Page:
AVIVA-Berlin: The new Jew.
Michael Schiller: Yeah, exactly. You know, we all have our own definitions obviously and I think that in some ways the definition you can find in the pages of the magazine. It┬┤s not so simple that you can put it in a sentence but there┬┤s the constant debate about: Is it a religion or is it a culture? Or is it both? Or is it neither? It┬┤s one of those things where the total is greater than the sum of the parts, you know, where It┬┤s all of those things. I think what makes the magazine great is that each of us defines it in a way that┬┤s quite different. But each of us has a strong tie to the culture and to the heritage to which we all identify, except Tamy who identifies as Israeli. (all laugh ...) But in terms of the magazine, I think it is a strong cultural identification. Whereas some of our editors are religious, orthodox people and some are totally secular and I think that we provide a nice cross-section of that identity.
Tamy Ben-Tor: I think that the HEEB magazine is not like a commemoration. It┬┤s not a museum for Jewishness. It┬┤s like really the "new Jew review" which means something completely new. And in fact, I think It┬┤s more to do with what everyone is trying to remember because It┬┤s the life. Everyone recognises it because it is new.
AVIVA-Berlin: So, you┬┤re creating a whole new world again.
Raven Snook: We┬┤re like tapping into something like that. This was out there, there just was no venue for it.
AVIVA-Berlin: What is the idea of the Heeb parties?
Jennifer Bleyer: We┬┤ve done one for each issue that┬┤s come out so far. They┬┤re just big release parties and a lot of people come. We have had performances at the parties.
Raven Snook: Tamy plays Starlight. She┬┤s a singer who does this character who┬┤s supposed to be like a Christian evangelist singer who┬┤s trying to convert us all to Christianity and It┬┤s very funny. The thing about it being tangential Jewish, I mean like for example, I┬┤m Jewish, I write for Heeb and I┬┤m also a performer and my performances always have Jewish elements so because I am Jewish It┬┤s going to come out. But I do a lot of stuff about gender, like I had show called "How I became a drag queen trapped in a woman┬┤s body" and it was all about being a drag queen and not being a woman, but also starting out as this nerdy Jewish girl. So is the performance really about being Jewish or about being a drag queen or is it just like about me having issues that I don┬┤t want to go to my therapist for? I don┬┤t know. So sometimes the performances don┬┤t have a direct link. But that┬┤s the thing, like being culturally Jewish and identifying with it, is going to form everything you do, particularly as an artist. I think that comes through.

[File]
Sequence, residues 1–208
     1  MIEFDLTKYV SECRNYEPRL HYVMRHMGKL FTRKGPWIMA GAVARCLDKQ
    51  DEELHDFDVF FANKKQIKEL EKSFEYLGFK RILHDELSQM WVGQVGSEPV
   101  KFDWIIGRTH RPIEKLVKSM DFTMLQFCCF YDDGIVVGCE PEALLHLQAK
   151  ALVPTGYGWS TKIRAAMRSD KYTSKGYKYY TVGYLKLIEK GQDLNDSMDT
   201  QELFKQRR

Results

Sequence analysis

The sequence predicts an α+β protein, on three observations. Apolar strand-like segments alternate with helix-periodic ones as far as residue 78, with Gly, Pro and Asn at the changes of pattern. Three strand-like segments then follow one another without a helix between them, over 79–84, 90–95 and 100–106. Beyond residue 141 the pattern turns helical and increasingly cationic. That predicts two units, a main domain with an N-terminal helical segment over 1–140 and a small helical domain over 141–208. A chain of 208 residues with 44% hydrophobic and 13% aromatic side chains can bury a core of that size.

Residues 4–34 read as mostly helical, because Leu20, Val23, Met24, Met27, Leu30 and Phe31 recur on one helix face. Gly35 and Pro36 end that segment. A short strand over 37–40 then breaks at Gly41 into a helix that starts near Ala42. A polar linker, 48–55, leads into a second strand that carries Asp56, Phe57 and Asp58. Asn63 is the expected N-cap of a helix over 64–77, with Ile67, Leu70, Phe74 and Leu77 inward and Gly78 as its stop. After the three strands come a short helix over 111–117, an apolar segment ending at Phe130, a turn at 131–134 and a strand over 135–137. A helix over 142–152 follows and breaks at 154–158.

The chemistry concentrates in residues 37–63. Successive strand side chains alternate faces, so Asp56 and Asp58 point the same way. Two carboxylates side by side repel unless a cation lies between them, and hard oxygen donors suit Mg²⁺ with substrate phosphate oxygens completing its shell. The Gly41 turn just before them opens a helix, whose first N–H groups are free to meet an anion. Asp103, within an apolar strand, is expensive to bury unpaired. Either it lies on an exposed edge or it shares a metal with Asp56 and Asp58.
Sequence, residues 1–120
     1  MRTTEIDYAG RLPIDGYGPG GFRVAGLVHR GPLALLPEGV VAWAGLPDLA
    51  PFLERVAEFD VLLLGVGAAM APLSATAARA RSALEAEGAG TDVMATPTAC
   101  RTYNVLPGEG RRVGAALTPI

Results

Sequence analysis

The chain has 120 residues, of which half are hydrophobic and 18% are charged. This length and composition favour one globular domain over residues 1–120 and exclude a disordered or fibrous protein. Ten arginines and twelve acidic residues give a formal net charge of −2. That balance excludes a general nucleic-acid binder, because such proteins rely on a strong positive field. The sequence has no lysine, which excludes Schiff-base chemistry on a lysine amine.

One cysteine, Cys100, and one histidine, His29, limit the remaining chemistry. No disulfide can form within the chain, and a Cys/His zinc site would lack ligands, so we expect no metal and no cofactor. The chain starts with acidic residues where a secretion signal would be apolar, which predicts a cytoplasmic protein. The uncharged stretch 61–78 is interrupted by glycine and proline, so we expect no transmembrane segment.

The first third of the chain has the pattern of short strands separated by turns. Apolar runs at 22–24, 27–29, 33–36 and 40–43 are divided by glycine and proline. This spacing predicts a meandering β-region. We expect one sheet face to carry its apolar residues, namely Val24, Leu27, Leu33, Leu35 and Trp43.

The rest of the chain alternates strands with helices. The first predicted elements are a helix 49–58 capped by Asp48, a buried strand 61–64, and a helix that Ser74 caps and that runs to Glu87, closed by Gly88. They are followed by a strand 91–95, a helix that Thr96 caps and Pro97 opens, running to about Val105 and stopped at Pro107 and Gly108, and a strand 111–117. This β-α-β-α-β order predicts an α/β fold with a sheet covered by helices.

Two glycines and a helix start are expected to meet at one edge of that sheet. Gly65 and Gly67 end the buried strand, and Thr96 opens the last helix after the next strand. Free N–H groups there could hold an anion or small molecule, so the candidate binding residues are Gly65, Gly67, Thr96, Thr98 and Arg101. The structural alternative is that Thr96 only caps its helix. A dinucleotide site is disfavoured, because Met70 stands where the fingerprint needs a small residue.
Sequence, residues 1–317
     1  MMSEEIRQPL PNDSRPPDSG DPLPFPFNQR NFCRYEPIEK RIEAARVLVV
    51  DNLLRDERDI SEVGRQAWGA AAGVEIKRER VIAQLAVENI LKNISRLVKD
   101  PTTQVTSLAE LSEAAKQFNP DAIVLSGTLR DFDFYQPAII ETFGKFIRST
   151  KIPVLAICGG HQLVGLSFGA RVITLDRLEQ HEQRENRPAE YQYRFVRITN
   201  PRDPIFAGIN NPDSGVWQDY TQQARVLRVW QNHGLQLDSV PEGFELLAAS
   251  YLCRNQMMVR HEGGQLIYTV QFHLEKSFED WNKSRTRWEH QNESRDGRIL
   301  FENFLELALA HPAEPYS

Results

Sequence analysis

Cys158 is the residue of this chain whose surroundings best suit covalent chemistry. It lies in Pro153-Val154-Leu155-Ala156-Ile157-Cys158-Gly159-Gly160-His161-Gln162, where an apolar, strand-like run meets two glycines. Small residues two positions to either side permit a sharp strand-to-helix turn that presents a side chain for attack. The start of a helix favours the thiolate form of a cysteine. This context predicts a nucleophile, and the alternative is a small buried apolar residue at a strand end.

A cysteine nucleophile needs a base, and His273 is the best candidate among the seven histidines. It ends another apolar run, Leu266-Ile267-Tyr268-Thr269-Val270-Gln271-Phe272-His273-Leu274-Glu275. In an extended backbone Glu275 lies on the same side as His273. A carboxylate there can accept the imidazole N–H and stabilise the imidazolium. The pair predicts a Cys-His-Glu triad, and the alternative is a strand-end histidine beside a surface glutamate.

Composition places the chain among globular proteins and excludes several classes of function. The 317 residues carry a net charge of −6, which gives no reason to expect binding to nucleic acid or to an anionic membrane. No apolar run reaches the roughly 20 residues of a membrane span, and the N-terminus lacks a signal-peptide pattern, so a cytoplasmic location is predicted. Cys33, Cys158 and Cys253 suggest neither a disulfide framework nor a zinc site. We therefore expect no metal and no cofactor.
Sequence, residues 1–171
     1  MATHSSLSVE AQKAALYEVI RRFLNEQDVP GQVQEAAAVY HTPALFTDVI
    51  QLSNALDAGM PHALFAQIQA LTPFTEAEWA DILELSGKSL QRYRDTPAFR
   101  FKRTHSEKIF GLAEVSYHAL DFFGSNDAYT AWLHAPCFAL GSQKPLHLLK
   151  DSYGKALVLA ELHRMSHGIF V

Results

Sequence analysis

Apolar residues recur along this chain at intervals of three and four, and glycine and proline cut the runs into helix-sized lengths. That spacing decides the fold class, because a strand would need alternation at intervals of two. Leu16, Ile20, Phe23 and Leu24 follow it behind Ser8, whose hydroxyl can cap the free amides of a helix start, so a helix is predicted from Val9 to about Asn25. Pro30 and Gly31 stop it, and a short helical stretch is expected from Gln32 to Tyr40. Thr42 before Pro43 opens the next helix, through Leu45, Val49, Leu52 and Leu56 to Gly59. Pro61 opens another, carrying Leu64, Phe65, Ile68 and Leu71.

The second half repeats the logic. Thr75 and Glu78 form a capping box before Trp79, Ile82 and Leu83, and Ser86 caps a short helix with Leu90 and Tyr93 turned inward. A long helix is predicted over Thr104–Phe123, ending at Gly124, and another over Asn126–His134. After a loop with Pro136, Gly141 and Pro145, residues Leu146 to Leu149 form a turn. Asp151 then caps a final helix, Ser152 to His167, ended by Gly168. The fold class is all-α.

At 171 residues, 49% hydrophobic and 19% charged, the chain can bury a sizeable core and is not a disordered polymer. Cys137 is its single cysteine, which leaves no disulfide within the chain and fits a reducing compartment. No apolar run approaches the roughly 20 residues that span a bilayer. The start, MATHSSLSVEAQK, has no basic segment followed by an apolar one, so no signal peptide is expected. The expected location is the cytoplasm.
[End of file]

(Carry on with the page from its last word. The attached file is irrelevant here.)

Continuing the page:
AVIVA-Berlin: Could you say something about the relationship between American Jews and Germans?
Jennifer Bleyer: A lot of Americans usually remember. This is very typical thing in a way, for people, especially these friends who are affected by the Holocaust. You know they say, "My father would never set foot in Germany. My grandmother would never come here. We would never buy a German car". I remember actually my parents just built a new house recently in Ohio where they live and they were getting wallpaper. They found this amazing wallpaper - and they┬┤re also like very suburban Jews - but when they wanted to buy this wallpaper, they told me it was made in Germany and so they weren┬┤t going to buy it so they went to some other wallpaper manufacturer and took a sample and had this wallpaper company copy it. They weren┬┤t going to buy it from Germany. It┬┤s a typical American Jewish thing.
Michael Schiller: But you know, you don┬┤t want to support a corporation that did damage to your family. You know what the truth is? In the society that we live in, everything you touch or wear - someone was enslaved to make this shirt and I┬┤m not proud of it but that┬┤s ...
Tamy Ben-Tor: It┬┤s more complex. It┬┤s more the older generation in Israel who say I would never step into Germany. But now It┬┤s different. It┬┤s more real I think, like because we have so much in common and then to deal with the past and not to shut it off.
Raven Snook: Would you buy a German car?
Michael Schiller: If It┬┤s a good car.
Raven Snook: And It┬┤s cheap.
Jennifer Bleyer: How about German wallpaper?
Michael Schiller: Look, I feel like, yeah, people saying they would never travel here - I feel like we┬┤re here doing important work. Maybe I┬┤m inflating it. Maybe that┬┤s more grandiose than it really is, but I feel like a lot of people go, "Oh, be careful, over there. Anti-Semitism." And I feel like, "Look, It┬┤s important to say I┬┤m not afraid to travel here. I┬┤m not going to be so caught up in the past. If that┬┤s your attitude my response is like OK, so there was this attempt to wipe our culture off the face of the earth but it didn┬┤t go away. It┬┤s back, It┬┤s stronger than ever and I┬┤m going to bring it back to Berlin." That┬┤s my feeling about it. I┬┤m not afraid.